Saturday, January 27, 2024

Berliner Philharmonie, Herbert-von-Karajan-Straße, Berlin

Putting on a concert of Arnold Schoenberg’s music has been described as “box office poison”. Not in Berlin. A few empty seats, yes, although this was also the concert’s third presentation in as many days. Chamber Symphony No.1 in E, Opus 9 (1906), and Die Jakobsleiter, an oratorio, were the works. Scored for fifteen musicians (eleven wind instruments – flautist doubling on piccolo – and string quartet plus bass), Opus 9 is a concentrated masterpiece that strides with confidence, its complexity no barrier to appreciating its ideas, following one another vigorously, or its journeying via a still centre of reflection, especially in a performance as assured as this one, generously expressive, played with bravura (not least the horns, Stefan Dohr and a colleague) and exactitude of ensemble (Noah Bendix-Balgley, concertmaster), for invention living and breathing.

Kirill Petrenko conducted with relish, as he did Jacob’s Ladder, begun in 1914 (text) and 1915 (music) yet the latter was unfinished, mostly in terms of orchestration, at Schoenberg’s death in 1951, with a completion undertaken by Winfried Zillig, the 1961 premiere conducted by Rafael Kubelík, the first recording made by Robert Craft. It’s a dramatic, vibrant and intense score with musical correspondences to the Variations for Orchestra and A Survivor from Warsaw, and also Berg’s Wozzeck, while stratospheric vocal writing cues his Lulu, music of atmosphere and urgent impulses, sometimes ravishing. Superb performance from all concerned. Sixty-five minutes of music may seem short-measure (20/45), but this was a quality rather than a quantity concert, prepared to the highest standard, including the management of Heavenwards offstage perspectives.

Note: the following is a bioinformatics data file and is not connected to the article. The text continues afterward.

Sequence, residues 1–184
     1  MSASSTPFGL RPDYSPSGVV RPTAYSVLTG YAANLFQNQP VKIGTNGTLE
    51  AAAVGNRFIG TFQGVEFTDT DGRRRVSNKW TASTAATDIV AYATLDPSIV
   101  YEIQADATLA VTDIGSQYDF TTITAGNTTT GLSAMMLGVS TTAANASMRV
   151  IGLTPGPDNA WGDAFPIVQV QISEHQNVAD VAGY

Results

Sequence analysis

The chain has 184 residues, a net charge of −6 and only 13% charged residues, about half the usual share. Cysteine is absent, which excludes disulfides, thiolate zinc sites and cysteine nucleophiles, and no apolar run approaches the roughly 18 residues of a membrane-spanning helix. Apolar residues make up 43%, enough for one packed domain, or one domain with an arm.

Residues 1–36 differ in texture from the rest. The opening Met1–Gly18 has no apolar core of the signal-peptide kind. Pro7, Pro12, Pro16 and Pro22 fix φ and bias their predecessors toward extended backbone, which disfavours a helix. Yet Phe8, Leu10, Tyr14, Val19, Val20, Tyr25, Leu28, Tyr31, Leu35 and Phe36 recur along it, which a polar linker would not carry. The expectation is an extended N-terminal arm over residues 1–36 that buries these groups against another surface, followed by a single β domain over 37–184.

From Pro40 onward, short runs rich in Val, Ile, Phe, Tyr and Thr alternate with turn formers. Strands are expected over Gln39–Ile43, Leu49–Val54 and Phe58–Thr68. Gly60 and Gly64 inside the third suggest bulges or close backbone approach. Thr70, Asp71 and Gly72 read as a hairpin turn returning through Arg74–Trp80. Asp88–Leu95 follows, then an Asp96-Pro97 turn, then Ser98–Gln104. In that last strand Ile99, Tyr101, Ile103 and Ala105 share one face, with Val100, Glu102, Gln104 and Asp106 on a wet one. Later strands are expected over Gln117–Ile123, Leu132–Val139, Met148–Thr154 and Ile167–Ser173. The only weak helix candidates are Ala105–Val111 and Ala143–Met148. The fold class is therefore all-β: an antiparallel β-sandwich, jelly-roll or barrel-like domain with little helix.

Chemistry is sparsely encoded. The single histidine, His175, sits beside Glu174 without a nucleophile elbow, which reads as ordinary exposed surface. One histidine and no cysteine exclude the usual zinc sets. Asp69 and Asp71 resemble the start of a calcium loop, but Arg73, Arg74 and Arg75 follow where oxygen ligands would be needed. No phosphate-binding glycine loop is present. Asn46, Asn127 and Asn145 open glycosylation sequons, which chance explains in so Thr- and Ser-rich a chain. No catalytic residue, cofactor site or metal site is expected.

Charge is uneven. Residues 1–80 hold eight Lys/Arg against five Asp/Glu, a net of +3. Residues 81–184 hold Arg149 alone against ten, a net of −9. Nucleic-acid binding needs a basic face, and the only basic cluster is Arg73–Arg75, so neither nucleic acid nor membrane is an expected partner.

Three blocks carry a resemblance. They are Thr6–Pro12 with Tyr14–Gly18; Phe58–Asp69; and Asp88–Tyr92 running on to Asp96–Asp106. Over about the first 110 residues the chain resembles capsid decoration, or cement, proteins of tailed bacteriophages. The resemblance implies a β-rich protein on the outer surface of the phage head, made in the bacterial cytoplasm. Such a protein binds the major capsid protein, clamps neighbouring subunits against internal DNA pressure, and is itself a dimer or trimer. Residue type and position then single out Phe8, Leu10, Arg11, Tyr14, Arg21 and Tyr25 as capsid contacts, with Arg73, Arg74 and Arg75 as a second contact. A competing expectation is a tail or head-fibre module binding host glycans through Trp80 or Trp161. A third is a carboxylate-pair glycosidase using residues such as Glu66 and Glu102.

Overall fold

Wolfgang Koch baritone (Gabriel)

Daniel Behle tenor (The Called One)

Wolfgang Ablinger-Sperrhacke tenor (The Rebellious One)

Johannes Martin Kränzle baritone (The Struggling One)

Gyula Orendt baritone (The Chosen One)

Stephan Rügamer tenor

Nicola Beller Carbone soprano (The Dying One)

Liv Redpath soprano (The Soul/Distance 1)

Jasmin Delfs soprano (The Soul/Height 1)

Rundfunkchor Berlin

“Kirill Petrenko devotes himself to two seminal works of the 20th century. Arnold Schoenberg’s Chamber Symphony No. 1 marks a turning point, away from late Romanticism to a more modern musical language. His unfinished oratorio Jacob’s Ladder also demonstrates the expressive power that developed from this transition. The work is based on Jacob’s dream about the ladder to heaven that leads to God – a parable about the human search for spirituality.”